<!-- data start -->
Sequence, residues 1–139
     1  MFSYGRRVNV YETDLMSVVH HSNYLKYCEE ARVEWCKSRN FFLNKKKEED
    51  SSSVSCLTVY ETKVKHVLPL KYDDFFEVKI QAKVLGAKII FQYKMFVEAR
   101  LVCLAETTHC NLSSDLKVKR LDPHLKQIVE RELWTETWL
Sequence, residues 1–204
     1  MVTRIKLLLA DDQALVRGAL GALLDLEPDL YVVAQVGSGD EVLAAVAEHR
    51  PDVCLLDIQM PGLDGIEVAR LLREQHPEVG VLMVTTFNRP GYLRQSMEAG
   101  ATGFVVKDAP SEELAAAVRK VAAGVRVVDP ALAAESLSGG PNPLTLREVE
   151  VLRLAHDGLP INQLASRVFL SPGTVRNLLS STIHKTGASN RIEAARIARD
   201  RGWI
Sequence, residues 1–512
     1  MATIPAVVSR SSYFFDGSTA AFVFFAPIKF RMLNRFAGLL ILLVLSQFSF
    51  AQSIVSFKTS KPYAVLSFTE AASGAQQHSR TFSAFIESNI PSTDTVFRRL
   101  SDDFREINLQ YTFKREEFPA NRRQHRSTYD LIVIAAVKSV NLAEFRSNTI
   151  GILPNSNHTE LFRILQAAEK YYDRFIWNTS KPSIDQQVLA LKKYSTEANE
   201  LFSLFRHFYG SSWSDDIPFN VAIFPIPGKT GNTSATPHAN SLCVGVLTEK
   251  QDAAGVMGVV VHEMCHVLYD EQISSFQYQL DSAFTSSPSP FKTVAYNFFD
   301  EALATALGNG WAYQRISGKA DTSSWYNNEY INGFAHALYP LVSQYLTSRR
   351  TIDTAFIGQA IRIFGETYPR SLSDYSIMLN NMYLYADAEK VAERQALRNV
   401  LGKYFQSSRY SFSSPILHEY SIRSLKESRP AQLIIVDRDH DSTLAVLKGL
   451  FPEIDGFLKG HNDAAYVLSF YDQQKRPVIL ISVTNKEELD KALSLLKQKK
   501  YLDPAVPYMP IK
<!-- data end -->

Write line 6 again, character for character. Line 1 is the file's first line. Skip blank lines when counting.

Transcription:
     1  MVTRIKLLLA DDQALVRGAL GALLDLEPDL YVVAQVGSGD EVLAAVAEHR